Once the Proof of Concept phase is complete, it is time to select the components needed for your project. Extra time and care should be taken when designing an embedded systems project. There are numerous factors to consider, and some of them might be a little bit more complicated than you thought…
When we design a project, we would like to think that it will last forever. Of course, that is never the case; hardware becomes obsolete, minimum requirements change over time…
When designing a project, this is a factor that you need to take into consideration. If your project requires a specific component or microcontroller, has the manufacturer stated that he would continue to produce them for a certain amount of time? This component might be cheap right now, but in a few years, as it becomes increasingly difficult to source, that price is going to go up, eating into your margins. There might be replacement chips, but sometimes those devices have different footprints, requiring a rework of your PCB, or maybe a software change, requiring you to modify the source code. Most manufacturers will tell you when they plan to continue manufacturing parts (most will say 10 years), and if the site says “Not recommended for new designs,” it means exactly that!
Some semiconductors and microcontrollers will exist in several packages. For example, the STMicroelectronics STM32F071CB exists in three packages: LQFP48, UFQFPN48, and WLCSP49. All three have the same amount of RAM, flash, and clock speed and are identical in almost every aspect. From a software point of view, there is no way of knowing the difference. However, the packages do have major differences.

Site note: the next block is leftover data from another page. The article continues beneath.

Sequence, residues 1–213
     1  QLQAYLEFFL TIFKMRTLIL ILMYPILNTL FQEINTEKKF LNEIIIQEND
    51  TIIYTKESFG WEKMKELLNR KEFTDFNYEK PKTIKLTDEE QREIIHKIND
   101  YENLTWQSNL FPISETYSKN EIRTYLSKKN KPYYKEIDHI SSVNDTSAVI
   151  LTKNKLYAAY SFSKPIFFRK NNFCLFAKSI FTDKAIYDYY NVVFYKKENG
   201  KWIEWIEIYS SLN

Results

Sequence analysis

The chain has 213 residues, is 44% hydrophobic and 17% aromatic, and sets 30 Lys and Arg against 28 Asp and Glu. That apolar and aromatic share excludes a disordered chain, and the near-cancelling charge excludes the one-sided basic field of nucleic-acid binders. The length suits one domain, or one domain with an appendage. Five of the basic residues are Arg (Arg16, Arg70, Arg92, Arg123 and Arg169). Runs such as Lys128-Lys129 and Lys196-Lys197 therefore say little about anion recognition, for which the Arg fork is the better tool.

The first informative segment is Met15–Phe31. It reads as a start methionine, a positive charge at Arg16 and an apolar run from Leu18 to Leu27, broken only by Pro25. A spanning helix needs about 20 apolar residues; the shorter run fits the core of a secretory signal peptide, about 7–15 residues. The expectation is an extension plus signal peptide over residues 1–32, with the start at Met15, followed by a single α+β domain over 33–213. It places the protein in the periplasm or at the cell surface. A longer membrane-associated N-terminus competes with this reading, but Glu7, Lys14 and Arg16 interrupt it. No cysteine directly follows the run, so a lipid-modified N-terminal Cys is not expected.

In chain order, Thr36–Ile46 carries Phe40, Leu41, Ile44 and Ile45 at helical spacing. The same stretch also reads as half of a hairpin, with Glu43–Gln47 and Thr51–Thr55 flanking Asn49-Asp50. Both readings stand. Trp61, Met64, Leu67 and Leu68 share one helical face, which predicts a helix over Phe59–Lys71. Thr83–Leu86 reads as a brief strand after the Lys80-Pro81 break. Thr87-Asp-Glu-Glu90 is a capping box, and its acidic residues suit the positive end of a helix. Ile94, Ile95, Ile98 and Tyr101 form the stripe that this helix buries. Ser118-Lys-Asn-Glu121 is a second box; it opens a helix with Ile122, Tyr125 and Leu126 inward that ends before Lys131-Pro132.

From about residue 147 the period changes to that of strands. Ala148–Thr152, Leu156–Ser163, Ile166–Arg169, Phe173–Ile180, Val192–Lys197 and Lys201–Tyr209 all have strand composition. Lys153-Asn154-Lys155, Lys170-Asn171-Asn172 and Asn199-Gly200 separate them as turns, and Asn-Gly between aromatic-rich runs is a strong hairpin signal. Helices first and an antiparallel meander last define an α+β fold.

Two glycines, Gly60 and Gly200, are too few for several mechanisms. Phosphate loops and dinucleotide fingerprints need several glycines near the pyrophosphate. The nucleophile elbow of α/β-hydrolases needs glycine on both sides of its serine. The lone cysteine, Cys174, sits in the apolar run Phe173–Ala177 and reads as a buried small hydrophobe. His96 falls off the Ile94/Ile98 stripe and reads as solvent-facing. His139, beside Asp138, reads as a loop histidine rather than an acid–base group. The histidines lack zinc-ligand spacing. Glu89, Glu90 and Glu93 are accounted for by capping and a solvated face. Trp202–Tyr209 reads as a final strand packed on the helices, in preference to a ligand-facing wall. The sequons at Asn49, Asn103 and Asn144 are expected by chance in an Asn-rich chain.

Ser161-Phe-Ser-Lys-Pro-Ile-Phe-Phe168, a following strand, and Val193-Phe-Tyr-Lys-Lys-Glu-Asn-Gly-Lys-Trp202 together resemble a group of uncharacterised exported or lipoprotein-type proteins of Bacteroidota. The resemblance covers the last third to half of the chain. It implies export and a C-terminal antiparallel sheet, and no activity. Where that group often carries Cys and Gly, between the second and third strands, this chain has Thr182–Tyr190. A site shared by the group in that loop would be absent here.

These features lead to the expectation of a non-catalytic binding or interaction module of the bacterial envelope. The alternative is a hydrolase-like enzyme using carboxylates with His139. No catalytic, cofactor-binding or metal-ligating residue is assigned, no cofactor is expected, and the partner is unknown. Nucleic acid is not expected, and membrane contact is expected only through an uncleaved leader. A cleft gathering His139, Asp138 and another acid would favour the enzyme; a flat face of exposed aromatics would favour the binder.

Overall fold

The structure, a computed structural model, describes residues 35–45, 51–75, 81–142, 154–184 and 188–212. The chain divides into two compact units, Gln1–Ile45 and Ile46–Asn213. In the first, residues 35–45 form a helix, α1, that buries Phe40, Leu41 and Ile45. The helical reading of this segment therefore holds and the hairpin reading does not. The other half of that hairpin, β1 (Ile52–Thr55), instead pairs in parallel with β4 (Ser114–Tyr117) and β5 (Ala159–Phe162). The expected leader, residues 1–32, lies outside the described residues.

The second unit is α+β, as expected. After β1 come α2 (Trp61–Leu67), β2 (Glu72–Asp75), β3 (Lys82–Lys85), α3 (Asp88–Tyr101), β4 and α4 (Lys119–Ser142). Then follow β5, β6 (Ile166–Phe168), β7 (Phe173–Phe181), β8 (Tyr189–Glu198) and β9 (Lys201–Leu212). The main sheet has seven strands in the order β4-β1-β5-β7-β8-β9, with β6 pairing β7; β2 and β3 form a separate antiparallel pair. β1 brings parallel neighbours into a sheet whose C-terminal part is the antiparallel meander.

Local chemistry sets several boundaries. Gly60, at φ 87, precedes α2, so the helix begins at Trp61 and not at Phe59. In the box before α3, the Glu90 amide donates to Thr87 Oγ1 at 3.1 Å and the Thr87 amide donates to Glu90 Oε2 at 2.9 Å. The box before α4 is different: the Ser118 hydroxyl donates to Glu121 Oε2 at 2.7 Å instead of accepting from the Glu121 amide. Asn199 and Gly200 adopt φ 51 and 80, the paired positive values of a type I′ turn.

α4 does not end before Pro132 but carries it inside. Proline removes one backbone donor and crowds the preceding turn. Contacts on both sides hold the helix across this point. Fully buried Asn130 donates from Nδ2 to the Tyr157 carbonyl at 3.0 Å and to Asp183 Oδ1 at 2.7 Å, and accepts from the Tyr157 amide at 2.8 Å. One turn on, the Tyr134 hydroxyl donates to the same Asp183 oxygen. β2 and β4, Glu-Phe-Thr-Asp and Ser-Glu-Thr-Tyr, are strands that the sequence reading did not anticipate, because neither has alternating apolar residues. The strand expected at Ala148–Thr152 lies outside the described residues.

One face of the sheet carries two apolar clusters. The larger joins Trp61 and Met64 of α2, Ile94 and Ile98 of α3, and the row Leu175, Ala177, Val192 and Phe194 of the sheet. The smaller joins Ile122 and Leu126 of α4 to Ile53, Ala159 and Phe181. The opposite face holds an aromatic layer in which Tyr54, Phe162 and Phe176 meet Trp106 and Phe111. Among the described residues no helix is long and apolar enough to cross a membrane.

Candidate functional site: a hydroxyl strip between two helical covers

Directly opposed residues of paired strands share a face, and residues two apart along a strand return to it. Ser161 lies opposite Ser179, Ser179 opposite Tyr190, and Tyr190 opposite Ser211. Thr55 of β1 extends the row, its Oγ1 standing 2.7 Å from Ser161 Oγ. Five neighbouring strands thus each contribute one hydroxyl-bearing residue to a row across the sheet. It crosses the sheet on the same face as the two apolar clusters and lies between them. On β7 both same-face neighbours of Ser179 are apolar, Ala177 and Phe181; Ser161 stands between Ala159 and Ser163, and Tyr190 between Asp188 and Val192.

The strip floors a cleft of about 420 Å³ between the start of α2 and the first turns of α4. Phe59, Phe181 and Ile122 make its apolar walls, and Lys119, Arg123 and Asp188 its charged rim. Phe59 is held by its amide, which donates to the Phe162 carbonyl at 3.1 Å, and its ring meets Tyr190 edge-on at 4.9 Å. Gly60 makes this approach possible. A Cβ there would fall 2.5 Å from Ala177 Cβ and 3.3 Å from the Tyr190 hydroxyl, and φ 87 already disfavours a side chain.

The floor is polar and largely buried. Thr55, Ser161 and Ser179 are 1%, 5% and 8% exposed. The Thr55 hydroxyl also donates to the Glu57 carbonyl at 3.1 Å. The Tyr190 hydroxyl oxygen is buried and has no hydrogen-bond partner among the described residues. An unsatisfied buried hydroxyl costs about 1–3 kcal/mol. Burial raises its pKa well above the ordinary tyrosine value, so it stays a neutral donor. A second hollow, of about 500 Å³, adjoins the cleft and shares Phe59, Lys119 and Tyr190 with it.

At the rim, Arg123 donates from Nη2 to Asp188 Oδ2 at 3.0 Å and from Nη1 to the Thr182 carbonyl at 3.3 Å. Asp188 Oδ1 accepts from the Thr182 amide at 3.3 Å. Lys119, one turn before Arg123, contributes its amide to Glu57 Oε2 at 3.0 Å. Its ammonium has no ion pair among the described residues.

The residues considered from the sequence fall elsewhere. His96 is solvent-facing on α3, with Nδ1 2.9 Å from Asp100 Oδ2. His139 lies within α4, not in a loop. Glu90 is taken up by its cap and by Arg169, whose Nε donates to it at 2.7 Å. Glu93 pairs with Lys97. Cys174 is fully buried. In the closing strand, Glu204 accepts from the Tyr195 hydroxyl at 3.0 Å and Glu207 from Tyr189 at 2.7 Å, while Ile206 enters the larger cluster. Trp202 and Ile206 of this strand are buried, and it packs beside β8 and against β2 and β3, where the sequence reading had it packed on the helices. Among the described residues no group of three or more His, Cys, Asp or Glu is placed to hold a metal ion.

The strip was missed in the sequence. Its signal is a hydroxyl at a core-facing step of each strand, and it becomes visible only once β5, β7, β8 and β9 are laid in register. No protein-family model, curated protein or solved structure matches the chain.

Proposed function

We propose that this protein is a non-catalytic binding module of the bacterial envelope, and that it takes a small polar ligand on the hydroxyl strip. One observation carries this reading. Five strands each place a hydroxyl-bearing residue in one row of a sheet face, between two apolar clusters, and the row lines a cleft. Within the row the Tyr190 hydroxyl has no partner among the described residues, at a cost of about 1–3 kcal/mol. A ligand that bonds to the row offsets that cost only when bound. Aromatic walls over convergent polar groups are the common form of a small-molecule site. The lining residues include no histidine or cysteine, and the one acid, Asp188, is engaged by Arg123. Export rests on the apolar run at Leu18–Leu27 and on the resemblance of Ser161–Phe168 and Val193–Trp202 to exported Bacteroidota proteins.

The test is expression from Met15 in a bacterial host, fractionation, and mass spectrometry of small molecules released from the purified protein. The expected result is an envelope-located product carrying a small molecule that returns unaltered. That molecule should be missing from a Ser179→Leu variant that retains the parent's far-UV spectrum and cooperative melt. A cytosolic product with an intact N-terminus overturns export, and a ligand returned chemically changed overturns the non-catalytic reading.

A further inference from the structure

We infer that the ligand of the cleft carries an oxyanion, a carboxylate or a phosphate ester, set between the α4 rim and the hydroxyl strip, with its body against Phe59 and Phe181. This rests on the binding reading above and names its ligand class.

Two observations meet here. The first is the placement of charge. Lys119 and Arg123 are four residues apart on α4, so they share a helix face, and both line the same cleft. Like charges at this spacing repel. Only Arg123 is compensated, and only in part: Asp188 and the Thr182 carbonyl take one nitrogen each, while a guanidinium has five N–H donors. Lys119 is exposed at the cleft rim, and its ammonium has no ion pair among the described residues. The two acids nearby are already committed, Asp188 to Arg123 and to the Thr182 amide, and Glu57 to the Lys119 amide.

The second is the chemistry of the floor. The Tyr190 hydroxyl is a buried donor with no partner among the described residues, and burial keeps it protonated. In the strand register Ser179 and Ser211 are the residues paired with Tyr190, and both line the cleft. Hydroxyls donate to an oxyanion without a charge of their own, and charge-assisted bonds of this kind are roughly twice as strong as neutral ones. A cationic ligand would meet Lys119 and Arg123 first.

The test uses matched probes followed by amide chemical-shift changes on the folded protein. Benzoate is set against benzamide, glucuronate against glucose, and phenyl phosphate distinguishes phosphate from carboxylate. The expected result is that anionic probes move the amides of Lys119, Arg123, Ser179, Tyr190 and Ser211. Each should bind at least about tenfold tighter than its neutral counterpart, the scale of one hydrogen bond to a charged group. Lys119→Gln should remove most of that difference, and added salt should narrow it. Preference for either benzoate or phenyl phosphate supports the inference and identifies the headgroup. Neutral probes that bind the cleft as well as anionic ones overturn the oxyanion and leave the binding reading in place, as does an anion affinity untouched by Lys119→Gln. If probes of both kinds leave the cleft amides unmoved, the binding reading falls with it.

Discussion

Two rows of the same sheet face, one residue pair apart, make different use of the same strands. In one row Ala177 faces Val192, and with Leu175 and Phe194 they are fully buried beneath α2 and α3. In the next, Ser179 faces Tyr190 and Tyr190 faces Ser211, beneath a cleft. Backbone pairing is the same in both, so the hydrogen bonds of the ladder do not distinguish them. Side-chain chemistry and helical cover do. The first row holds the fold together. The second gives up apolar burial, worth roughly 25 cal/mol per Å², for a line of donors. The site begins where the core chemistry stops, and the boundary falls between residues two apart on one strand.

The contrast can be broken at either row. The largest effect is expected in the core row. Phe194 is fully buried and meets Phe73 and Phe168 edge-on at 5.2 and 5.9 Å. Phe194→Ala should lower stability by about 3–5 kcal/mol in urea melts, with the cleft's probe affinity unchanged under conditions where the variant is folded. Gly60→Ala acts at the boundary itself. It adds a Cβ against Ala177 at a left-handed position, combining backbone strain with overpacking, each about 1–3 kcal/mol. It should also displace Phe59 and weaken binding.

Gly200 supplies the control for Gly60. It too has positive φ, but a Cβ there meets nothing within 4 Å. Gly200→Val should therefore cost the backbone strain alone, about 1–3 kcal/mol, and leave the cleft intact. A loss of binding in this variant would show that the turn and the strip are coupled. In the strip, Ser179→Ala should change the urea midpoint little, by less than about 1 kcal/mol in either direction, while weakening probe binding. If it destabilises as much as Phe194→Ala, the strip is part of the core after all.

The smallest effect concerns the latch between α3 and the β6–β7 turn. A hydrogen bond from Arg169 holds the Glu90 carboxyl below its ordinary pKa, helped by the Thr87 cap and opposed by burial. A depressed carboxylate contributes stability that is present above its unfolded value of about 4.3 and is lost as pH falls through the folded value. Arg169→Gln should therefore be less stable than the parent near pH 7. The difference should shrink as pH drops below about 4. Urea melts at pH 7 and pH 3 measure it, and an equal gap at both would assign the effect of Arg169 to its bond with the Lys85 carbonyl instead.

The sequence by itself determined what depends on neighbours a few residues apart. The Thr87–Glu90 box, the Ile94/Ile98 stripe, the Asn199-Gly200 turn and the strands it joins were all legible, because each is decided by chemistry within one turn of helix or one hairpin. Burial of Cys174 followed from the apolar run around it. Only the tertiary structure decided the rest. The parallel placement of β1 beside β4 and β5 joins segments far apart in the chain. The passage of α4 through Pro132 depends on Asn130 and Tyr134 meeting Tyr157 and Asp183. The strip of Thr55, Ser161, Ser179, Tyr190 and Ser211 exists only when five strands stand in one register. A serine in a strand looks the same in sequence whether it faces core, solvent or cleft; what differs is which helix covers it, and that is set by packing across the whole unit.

The LQFP48 can be soldered by hand with a little bit of training (and the right hardware) but takes up 81mm2 on a printed circuit board (the package size itself is 49mm2).
The QFN variant is more complicated but takes up less space (the package size is still 49mm2, but significantly shorter leads mean only a fraction more space on the printed circuit board). It also has the advantage of having a ground connector underneath, which helps with thermal dissipation. No routing directly under the chip!
The WLCSP49 variant is significantly smaller, taking up only 10mm2. For the same functionality, we go from 81mm2 of space on a PCB to 10mm2, but this comes at a price. Having pins in the center of the package means that the printed circuit board will be more complex, and to check that all the solder points are correctly made, your board will probably have to be x-rayed.
My first mobile telephone could run for over 10 days on the internal battery (and if needed, I could even replace the rechargeable battery with 4 AA batteries, you can imagine the size). No one wants to recharge their telephone several times a day; there has to be a balance between energy consumption and energy efficiency. There are different technologies, from high clock speed and deep sleep to low clock speed low power consumption devices. Which one is right for you?
At the end of the day, what matters is that your product brings you in some money. Engineers, sales staff, IT workers, everyone depends on your product. Your future research and development depend on the product that you sell. Without cash income, there is no spending and no new product. Does your product really require an application processor, or is a micro-controller sufficient? It’s the difference between several dollars and tens of cents. It’s the difference between a product that can sustain your company and one that will be a red line in your accounts.
We will always give you at least 3 choices, each with its advantages and disadvantages, to help you decide which product is right for you.
So how can we help you?